Interesting take on the "political leadership" as center of gravity. I have just finished Jeremy Black's "Rethinking Military History" and he essentially agreed with you (if I understand your unstated point) that, despite everything else, war is about imposing your will on your opponent.

    I'm currently doing research on the Philippine-American War and one of the conclusions I will likely make is that the US Army also wrongly focused on a leader (Emilio Aguinaldo) and were baffled when capturing him did not end the war (they didn't kill him, though). What they did in the end was to co-opt the local elites who were essentially keeping the resistance to the Americans alive, giving them continued authority under American rule. In sum, they legitimized these local land-owning, economic elites, and kept them in power despite the blatant corruption or "undemocratic" nature of these elites' power. You know... nation building doesn't have to be all about building a democracy.

    Herfried Munkler argued in "The New Wars" how insurgencies don't "end", but persist and the line between war and peace becomes a long frontier of continuous negotiations over power and authority. I suppose the ideologues for this war are just trying to create a situation where they can plausibly argue for "victory". They'll leave the mess of debates for the future generations to wrangle over.

  9. The Hirsch report probably trumps that Rand report in the minds of our “leaders.” I’m sure that the key figures (esp. Cheney) behind American policy in Iraq are well aware of our energy predicament, and the fight against “terrorism” is doubtless just a fig leaf over their real intentions, i.e. to go where the oil and gas is and stay there forever. I don’t see how we could leave Iraq now, even if the jackals in Washington wanted to (and they don’t). And I say that as someone who opposed both the initial invasion and the current occupation on moral and humanitarian grounds.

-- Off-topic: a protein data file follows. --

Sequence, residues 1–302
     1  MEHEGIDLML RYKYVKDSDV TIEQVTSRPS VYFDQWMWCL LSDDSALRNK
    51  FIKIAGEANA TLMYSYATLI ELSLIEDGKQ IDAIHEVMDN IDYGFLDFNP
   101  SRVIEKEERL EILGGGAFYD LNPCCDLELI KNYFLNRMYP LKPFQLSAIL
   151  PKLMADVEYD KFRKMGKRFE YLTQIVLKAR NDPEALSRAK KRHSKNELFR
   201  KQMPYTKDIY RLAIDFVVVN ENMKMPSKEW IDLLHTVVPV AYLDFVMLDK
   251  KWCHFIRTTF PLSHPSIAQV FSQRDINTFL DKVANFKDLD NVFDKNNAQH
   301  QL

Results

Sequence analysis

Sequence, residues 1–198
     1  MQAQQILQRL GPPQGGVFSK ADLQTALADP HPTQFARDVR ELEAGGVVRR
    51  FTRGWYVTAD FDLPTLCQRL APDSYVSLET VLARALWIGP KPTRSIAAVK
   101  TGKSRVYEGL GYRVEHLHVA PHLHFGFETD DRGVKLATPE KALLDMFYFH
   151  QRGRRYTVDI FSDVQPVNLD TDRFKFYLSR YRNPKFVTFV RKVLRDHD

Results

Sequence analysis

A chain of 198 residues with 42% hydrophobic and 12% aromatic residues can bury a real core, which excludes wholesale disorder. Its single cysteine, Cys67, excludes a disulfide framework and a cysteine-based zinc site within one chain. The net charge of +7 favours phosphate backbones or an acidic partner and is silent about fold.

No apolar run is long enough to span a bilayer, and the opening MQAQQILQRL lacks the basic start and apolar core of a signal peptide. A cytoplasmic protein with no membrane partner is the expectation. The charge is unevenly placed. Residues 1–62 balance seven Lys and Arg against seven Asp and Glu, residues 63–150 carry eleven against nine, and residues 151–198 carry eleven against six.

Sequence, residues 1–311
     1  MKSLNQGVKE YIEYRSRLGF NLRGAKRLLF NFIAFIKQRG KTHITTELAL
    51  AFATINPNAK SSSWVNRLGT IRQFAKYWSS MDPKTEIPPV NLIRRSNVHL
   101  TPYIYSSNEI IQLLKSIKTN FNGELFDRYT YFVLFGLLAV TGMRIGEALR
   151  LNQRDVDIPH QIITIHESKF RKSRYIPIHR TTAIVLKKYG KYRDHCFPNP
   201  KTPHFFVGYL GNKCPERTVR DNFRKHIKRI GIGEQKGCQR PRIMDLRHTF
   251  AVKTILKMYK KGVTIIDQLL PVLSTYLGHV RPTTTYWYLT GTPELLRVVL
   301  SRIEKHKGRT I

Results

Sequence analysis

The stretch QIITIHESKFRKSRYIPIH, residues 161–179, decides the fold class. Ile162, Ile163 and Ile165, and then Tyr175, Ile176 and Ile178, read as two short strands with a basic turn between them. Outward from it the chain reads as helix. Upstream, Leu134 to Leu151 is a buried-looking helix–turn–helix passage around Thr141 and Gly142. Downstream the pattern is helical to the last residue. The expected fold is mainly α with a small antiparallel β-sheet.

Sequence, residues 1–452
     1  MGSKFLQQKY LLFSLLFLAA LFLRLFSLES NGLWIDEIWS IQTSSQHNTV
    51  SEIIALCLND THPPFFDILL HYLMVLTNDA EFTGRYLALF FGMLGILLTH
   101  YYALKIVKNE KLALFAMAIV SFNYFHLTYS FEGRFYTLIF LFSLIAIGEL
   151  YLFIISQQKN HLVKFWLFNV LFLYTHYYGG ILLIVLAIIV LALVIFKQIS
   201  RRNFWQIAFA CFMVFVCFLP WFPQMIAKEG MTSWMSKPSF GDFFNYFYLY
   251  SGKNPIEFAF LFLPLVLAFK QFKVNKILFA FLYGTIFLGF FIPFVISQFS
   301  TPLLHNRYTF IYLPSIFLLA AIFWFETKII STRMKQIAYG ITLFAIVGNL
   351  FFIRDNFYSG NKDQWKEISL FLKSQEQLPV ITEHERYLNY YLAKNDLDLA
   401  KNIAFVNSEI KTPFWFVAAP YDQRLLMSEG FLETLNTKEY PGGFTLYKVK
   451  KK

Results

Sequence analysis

I’m certain that the United States will someday adorn the pages of a book on civilizational collapse, and I’m also certain that our almost supernatural consumption of natural resources will be of particular interest to the authors. I expect that the Joseph Tainters and Jared Diamonds of the future will probably come to a conclusion something like, “The Americans had to resort to the military option to secure energy supplies, because by that point in their history they had no other choice.” That’s because we’re the collective victims of a series of bad choices on the part of our leadership (both political and economic) that are largely irreversible. The main ones that spring to mind are: 1) the decision to pursue economic growth at all costs; 2) the jettisoning of low-energy forms of transport (e.g. passenger rail, urban mass transit) in favor of a massive auto and truck fleet and interstate highways (thanks, Ike); 3) building our latter-day economy on a foundation of massive debt; and 4) constructing our national infrastructure and living arrangements on the assumption that oil and gas would always remain inexpensive (maybe they’ll each get a chapter of their own in that future scholarly tome).